2.45               Shipping Australia expressed a similar concern that ‘the minimum of five voyages … discriminates against the smaller coastal shipper who may … have two or three voyages per year’.[55] Shipping Australia strongly recommended that there be no minimum number of voyages required in order to apply for a TL.[56] The ALC also suggested the removal of the ‘five voyage threshold to eligibility to apply for a TL’.[57]

2.46               Many other submitters supported the removal of the five voyage minimum requirement in order to apply for a TL, suggested that the requirement is impractical, or recommended that a solution be found to deal with situations where fewer voyages are required.[58] The AIG suggested that the number of voyages to be authorised by a TL should be three or more.[59]

2.47               The ASC stated that removal of the single voyage concept will complicate procedural arrangements and impose impossible restrictions, and further that these concerns had been raised throughout the consultation process but ‘regrettably so far to no avail.’[60]

2.48               In its supplementary submission, DIT stated that, in relation to the removal of the Single Voyage Permit:

The insertion of the minimum of five voyages is designed to add a level of planning into an application for Temporary Licence rather than provide access to coastal cargo on an ad hoc basis, with no subsequent commitment to provide services to Australian shippers. One element of the current arrangements that makes it difficult for Australian registered vessels to build a viable and substantial business for domestic trade is the SVP arrangements. The ability of foreign flagged vessels to seek approval for ad hoc cargo movements on the Australian coast does not provide sufficient visibility of potential trade for Australian vessels to build a business case to support investment in the Australian shipping industry.[61]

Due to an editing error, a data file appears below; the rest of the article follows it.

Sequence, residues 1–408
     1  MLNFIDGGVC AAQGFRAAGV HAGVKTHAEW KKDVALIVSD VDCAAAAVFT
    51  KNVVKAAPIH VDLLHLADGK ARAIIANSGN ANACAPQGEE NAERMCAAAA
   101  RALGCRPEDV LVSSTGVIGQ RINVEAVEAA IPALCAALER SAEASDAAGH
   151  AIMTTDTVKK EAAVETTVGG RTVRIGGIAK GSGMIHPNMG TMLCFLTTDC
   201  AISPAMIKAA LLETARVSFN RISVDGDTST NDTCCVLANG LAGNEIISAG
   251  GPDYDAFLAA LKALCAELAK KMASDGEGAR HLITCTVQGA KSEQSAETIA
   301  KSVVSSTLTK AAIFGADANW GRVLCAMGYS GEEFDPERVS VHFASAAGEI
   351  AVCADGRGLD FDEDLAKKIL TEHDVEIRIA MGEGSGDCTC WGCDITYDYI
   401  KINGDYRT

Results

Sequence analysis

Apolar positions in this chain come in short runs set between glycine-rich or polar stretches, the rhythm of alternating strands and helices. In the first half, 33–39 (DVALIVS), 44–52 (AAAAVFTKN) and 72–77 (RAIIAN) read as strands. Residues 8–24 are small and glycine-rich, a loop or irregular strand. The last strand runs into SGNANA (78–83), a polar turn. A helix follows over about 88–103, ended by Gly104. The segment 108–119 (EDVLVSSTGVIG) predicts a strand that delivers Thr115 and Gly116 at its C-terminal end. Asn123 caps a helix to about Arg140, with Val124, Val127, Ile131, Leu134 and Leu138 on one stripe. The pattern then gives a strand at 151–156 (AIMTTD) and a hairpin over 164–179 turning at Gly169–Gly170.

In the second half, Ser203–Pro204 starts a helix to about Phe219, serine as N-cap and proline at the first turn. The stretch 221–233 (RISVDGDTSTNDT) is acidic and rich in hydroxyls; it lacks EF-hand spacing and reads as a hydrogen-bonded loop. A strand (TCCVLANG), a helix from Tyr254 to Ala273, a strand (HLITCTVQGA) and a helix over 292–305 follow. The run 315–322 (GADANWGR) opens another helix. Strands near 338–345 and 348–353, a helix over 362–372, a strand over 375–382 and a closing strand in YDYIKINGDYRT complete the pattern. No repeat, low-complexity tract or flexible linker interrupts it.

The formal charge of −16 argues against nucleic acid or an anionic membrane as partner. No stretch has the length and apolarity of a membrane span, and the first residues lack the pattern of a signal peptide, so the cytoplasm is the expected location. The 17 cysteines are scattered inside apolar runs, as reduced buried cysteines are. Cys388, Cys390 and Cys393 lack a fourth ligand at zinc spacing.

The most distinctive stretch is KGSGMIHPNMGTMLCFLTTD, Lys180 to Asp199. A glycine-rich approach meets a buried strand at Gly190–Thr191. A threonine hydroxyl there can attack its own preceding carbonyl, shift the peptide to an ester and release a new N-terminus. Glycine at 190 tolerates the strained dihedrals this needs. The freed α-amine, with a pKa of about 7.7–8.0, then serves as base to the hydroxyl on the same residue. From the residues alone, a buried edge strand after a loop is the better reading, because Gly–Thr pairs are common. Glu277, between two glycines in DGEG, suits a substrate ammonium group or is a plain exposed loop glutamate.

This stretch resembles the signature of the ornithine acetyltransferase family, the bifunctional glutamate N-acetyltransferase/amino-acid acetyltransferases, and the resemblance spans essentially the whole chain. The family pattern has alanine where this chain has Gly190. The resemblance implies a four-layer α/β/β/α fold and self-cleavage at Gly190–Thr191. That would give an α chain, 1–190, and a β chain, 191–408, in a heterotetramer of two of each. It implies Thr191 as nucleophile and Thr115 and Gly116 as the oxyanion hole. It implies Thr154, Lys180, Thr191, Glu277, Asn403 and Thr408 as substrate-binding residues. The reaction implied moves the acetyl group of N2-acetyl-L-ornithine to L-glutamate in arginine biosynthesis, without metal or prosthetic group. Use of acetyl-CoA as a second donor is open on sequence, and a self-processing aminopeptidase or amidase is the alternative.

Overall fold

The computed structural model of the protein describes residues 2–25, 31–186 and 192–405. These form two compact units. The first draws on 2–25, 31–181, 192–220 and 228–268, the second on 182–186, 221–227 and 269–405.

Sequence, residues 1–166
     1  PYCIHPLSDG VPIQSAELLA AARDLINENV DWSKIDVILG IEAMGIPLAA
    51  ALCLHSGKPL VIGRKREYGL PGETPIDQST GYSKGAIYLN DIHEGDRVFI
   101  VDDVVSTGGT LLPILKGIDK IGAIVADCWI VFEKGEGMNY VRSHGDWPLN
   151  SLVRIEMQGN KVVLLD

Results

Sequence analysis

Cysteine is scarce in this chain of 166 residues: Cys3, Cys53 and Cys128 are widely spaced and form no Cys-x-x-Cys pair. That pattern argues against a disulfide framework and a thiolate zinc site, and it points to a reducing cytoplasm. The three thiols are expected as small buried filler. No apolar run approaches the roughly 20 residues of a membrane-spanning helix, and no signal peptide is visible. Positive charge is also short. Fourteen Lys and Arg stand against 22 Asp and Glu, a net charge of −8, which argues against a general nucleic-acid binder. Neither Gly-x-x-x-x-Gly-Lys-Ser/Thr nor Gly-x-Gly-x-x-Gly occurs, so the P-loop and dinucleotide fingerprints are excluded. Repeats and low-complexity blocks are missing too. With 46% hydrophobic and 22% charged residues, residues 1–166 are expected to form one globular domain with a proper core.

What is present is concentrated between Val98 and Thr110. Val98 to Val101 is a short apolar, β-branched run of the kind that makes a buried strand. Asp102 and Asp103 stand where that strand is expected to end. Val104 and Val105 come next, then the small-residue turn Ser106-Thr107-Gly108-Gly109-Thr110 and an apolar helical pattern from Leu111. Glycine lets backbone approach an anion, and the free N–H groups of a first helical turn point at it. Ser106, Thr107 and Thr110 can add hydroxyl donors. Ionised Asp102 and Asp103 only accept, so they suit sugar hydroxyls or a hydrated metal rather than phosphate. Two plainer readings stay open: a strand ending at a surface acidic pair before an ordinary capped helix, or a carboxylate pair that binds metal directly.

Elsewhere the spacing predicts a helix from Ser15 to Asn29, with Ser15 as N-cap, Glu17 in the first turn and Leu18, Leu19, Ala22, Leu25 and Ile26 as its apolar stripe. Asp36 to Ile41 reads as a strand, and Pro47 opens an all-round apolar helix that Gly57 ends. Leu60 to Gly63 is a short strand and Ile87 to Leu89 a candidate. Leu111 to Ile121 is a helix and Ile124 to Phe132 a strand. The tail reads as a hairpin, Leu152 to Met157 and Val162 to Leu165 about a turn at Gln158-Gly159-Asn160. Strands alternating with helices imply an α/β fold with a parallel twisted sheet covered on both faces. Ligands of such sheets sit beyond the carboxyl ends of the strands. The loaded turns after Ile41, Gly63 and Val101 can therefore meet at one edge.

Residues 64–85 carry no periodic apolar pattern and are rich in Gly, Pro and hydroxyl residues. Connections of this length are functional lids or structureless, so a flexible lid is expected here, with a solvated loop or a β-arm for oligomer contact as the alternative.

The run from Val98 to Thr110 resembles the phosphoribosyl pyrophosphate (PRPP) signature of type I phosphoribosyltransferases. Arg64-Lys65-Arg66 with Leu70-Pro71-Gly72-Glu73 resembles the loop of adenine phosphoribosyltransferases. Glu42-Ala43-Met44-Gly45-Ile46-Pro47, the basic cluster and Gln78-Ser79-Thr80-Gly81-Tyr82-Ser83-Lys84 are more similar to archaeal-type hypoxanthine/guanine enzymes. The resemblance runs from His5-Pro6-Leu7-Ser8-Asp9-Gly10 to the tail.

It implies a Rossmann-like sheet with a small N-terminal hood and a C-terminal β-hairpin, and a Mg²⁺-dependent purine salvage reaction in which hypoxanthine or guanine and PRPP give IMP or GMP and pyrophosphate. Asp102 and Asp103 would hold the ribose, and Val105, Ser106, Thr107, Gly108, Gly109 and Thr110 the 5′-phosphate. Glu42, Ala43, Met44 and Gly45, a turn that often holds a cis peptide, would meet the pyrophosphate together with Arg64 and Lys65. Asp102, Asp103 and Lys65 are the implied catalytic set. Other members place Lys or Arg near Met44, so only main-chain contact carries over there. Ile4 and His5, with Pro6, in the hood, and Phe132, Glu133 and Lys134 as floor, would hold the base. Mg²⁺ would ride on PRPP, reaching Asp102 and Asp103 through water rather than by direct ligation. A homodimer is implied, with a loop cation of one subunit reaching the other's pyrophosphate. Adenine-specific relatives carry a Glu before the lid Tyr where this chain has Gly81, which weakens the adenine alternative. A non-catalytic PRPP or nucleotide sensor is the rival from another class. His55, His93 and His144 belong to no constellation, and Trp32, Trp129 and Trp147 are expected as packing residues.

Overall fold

2.49               Sucrogen stated that the only way that its bioethanol business could obtain flexibility, due to the lack of an Australian licenced vessel in the trade, would be to apply for a TL, not knowing whether it would need to use it or not.[62]

2.50               In its supplementary submission, DIT stated that operators will need to adapt to the new arrangements, as follows:

The Department does not agree that applicants will be required to make up ‘fictitious’ voyages. The large majority of operators already use five or more permits per year …

For the small number of operators requiring fewer than five voyages, the new arrangements may require some reconsideration of their operating arrangements. The decision to impose a minimum seeks to encourage shippers and operators to plan ahead and consider what their shipping requirements will be over an extended period of time, rather than on a voyage-by-voyage basis.